ArcGIS Runtime SDK for .NET

Defining scale-based symbology using ArcGIS Runtime SDK

Unique value and class breaks renderers allow you to specify a criterion to uniquely symbolize data so the viewer can understand trends and patterns within the data. There are situations where a dataset has a lot of unique values or classes. An example is a utility network dataset. For such datasets, it may not make sense to render data at all scales. To do so, one option is to set a minimum and a maximum scale on the layer. Although with this option, the entire layer will either be shown or hidden, depending on map’s scale. Another option is to use multiple layers that reference the same data. For the correct symbology to display at the correct scale, each layer must be configured to have its own visible scale range, symbology definition, and definition expression defining the subset of data to be made visible at different scales.

These are valid options, but not the most optimal solutions as they require having to manage multiple layers representing the same dataset and are less effective in understanding trends and patterns in the data.

An ideal workflow is to use a single layer that continues to display at all scales and its features or elements switch visibility at different map scales.

At ArcGIS Runtime 100.12, ArcGIS Runtime SDKs introduced support for rendering scale-based symbol classes and alternate symbols in the mobile map package, published from ArcGIS Pro 2.9. Let’s look at a mobile map package published with ArcGIS Pro 2.9 rendered in an ArcGIS Runtime SDK application. In the map images below, the Electric Device Component layer is configured with scale-based symbols and alternate symbols. Based on the configuration, visibility and symbolization of elements change at different map scales.

In Figure 1 below, Service point and Transformer features are not visible at map scale 11000.

Map scale is 11000, Service point and Transformer elements are configured to not render at this scale.
Figure 1 : Service point and Transformer are not visible at 11000 map scale.

In Figure 2 map scale is 2500 and Service points are displayed with green squares green squareand Transformers with purple circle around a triangle Purple circle around a triangle. .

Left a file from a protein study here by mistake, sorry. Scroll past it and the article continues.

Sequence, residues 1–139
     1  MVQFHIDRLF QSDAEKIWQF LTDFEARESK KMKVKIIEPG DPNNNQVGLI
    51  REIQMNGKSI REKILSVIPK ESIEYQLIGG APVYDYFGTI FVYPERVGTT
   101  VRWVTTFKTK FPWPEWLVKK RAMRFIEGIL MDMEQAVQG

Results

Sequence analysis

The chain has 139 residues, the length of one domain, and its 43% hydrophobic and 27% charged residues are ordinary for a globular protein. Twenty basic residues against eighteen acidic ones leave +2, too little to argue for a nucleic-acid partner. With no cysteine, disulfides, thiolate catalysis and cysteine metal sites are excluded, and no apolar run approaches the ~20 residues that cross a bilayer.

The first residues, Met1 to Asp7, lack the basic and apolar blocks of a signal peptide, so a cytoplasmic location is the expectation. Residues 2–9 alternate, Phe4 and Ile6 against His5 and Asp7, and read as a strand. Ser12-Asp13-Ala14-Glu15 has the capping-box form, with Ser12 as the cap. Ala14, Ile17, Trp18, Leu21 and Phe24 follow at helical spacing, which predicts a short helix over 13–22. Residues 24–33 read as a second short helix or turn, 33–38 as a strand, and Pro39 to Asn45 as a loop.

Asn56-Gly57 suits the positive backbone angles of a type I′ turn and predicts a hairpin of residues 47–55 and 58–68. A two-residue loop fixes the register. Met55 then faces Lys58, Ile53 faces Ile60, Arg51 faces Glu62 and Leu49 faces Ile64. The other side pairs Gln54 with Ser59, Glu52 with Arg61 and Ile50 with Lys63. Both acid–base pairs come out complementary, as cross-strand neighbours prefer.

Map scale is 2500. Service point and Transformer elements displaying using scale-based symbols. In the image, features are drawn using primary symbols. Service point is rendered as green squares and transformer is rendered as purple circle around a triangle.
Figure 2: Map scale is 2500. Service point and Transformer elements are displayed using primary symbols, green squares and purple circle with a triangle respectively.

In Figure 3, as the map’s active scale progresses to 900, symbols switch to the configured alternate symbols. Service points are now drawn using a person icon and Transformers are represented with a purple rectangle around a triangle .

 

As the map scale progressed to 900, Service point and Transformer symbols switch to their configured alternate symbols. In this image features are using the alternate symbols. Service point is rendered as green person and transformer is rendered as black outlined purple rectangle with a triangle inside it.
Figure 3: Map scale is 900. Service point and Transformer elements are displayed using alternate symbols, green person icon and purple rectangle with a triangle respectively.

Scale-based symbols configuration in ArcGIS Pro

To better understand scale-based symbology, let’s dive into how the Electric Component Device layer’s symbology is configured in ArcGIS Pro. In Figure 4 below, the Symbology pane UI from ArcGIS Pro is illustrating UniqueValueRenderer symbol classes for the Electric Device Component layer. The position of the slider determines the scales at which unique values are visible and can be adjusted to change the visibility range. As seen in the UI, most of the unique values are configured to render at much higher scales (smaller, more zoomed-in areas).

The image is a snapshot of symbology pane from ArcGIS Pro showing unique value renderer configuration. There are symbols assigned for different unique values. Each symbol has visibility scale defined, along with its alternate symbols for fuse, service point and transformer elements.
Figure 4: The ArcGIS Pro Symbology pane with scale-based and alternate symbols configurations.

Alternate symbols configuration in ArcGIS Pro

In addition to controlling the visible scale range of each symbol class, display of the data can be further refined by assigning additional symbols to each unique value. In figure 4 above, notice symbols for Fuses (5), Service points (11), and Transformers (15). For these classes, there is more than one symbol defined, denoted by a minus sign if the group is expanded or a plus sign next to the symbol (see circled sections in the image above). These symbols are referred to as alternate symbols.